The Indianapolis 500 is an institution banked in more than 100 years of tradition with more than its share of milestone events.
Perhaps the most momentous of those occurred 25 years ago.
Two years of controversy proceeded that eventful month of May, initiated by the announcement of a new all-oval series, the Indy Racing League, in direct competition with CART, the established sanctioning body for Indy car racing.
That promptly divided Indy car racing into two hostile camps. While some parties initiated attempts to unite the factions, hostility escalated to warfare when the IRL announced the infamous 25/8 rule, reserving 25 starting spots in Indy’s 33-car starting field for teams that regularly competed in IRL races.
CART teams boycotted the speedway and scheduled the U.S. 500 for the same day at Michigan Int’l Speedway.
“A lot of us didn’t really believe it was gonna happen,” remarked Jimmy Vassar in a conversation with ABC Sports. “We believed we’d still be there. We were kind of stunned we ended up in Michigan …”
The split became a hopeless chasm and remained so for 12 destructive years. Indy car racing nose-dived in popularity, while NASCAR, already on an unprecedented upswing, took possession of the prime spot in the hearts of American auto racing fans.
When May 1996 rolled around, the speedway was confronted with a situation that saw most of the well-known teams and drivers committed to the race in Michigan. Said IMS President and IRL founder Tony George, “Certainly, the sport is in transition. I feel very strongly that this is a unique year, an unusual year in all respects. And, yes, there are a lot of new names.”
There certainly were. When Indianapolis 500 qualifying ended, more than half the starting field was filled with unknown rookies with a few exceptions. Among them were supermodified racing veteran “Double O” Joe Gosek, and Tony Stewart, who won the USAC Triple Crown in 1995. Stewart won midget, sprint car and Silver Crown titles in the same season but would have never gotten an Indy car ride without the IRL.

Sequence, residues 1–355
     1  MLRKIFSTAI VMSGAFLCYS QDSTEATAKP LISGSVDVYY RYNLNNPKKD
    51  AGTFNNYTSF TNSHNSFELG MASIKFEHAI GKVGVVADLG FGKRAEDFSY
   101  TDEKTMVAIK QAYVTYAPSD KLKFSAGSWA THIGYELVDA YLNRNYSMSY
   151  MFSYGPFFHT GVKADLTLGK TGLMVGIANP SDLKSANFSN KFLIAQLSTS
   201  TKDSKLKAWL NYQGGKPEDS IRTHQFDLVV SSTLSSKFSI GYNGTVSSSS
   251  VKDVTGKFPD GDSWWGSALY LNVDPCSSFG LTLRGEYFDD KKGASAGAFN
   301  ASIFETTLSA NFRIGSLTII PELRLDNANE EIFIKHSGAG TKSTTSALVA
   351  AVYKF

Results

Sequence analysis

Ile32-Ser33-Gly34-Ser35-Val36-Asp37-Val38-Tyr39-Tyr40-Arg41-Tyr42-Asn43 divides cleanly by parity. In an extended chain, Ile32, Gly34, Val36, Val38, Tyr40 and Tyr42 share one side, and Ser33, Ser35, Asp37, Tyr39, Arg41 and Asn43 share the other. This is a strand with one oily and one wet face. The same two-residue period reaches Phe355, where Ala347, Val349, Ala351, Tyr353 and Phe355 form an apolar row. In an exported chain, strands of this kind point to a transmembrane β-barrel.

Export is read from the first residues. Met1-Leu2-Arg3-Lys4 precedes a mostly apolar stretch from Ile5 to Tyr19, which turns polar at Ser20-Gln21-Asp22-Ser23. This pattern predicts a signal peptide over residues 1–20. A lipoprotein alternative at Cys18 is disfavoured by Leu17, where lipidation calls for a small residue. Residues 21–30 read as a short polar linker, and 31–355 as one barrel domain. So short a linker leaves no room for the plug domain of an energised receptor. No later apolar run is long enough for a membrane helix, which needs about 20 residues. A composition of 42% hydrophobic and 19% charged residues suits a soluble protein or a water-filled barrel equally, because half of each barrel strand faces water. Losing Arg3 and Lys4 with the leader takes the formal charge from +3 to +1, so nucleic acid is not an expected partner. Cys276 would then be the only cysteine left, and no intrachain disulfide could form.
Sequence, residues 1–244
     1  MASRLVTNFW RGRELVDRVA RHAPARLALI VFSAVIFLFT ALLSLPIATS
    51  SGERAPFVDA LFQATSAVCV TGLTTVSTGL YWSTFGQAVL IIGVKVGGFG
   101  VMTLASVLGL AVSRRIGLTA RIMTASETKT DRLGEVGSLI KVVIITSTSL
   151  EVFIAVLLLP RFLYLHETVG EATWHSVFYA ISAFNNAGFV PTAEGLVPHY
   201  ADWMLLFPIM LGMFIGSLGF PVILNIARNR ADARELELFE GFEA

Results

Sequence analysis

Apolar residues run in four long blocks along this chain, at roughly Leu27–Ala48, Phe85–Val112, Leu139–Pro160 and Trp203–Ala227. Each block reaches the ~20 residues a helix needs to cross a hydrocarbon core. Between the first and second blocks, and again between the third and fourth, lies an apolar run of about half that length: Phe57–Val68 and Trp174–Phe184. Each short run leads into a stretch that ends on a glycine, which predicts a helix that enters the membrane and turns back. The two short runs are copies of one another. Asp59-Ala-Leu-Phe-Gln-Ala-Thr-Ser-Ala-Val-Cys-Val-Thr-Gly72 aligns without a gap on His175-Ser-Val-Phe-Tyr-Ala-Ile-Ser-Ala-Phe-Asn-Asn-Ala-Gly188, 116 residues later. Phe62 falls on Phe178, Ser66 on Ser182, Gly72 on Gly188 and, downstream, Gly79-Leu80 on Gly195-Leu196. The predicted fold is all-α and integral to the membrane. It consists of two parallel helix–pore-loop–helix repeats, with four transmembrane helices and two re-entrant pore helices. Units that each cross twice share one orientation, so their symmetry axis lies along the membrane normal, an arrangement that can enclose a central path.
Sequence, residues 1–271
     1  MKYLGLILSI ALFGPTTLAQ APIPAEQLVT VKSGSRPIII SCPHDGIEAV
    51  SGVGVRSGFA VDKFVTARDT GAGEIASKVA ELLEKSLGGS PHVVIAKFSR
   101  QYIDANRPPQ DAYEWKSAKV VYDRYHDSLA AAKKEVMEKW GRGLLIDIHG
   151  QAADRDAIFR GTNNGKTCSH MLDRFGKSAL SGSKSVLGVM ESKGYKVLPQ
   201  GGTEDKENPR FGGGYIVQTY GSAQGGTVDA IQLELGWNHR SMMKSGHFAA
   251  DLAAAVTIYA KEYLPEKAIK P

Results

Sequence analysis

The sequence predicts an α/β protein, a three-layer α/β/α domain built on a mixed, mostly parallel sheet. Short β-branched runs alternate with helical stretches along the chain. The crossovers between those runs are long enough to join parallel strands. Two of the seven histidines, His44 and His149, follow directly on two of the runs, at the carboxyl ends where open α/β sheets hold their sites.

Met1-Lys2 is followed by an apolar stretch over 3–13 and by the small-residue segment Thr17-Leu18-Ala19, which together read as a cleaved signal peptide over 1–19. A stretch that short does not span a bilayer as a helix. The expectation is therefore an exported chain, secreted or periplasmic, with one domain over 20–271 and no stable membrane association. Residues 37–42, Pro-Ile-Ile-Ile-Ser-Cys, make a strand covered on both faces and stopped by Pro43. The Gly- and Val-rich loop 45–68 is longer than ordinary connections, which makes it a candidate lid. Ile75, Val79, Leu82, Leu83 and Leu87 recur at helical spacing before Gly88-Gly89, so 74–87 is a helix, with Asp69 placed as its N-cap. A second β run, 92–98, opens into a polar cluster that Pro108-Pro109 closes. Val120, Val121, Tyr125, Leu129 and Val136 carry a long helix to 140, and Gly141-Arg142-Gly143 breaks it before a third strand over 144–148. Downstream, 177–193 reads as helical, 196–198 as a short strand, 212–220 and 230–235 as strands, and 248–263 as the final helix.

Even then it was a circuitous route.
A.J. Foyt tested Stewart and passed. Jonathan Byrd definitely wanted him and claimed he was the next Rich Vogler. But Byrd’s team co-owner, Fred Treadway, preferred someone with more experience and name recognition and chose 1990 Indy 500 winner Arie Luyendyk.
Team Menard’s team manager Larry Curry was aware of Stewart’s short-track prowess and, like Byrd, was a believer in Stewart’s raw talent. After much discussion, Curry persuaded John Menard to give him an opportunity.
Menard’s team was one of the best-funded in all of Indy car racing. He’d invested millions producing his own engine, with Sonny and Butch Meyer doing the development. In 1995, Scott Brayton put his Menard-powered Lola on the pole for the Indianapolis 500 and returned with Menard in ’96.
Along with Stewart, Eddie Cheever was also a member of Menard’s powerhouse operation, and once practice opened, the three immediately topped the speed charts. They were joined by Luyendyk, the sole former 500 winner entered, Scott Sharp with A.J. Foyt Racing and Buddy Lazier as favorites for the pole.
Despite the lack of name drivers, Pole Day provided superb drama with record speeds. Stewart fulfilled his early billing by taking the provisional pole with one and four-lap records. Most thought one of his teammates would knock him from that coveted spot, but they proved disappointingly slow.
Luyendyk, who had lost an engine in morning practice, finally got back on the track with less than 30 minutes of qualifying time remaining and snatched away the pole, setting more track records.
But more drama remained. Despite the risk of encountering a problem that would leave him out of the field, Team Menard pulled Brayton’s car and sent him back out in a backup car. Fifteen minutes before the gun sounded ending qualifying, Brayton stormed to a four-lap record and bumped Luyendyk to second.
The Pole Day drama didn’t end at 6 p.m., however. During post-qualifying inspections, Luyendyk’s car was found to be seven pounds underweight. He was out. He’d have to qualify another car on another day to make the field.
The disqualification seemed to inspire him to even greater speed during the second day of qualifying as the Dutchman set a pair of records that still stand today. He turned a one-lap standard of 237.498 mph with a four-lap average of 236.986 mph.
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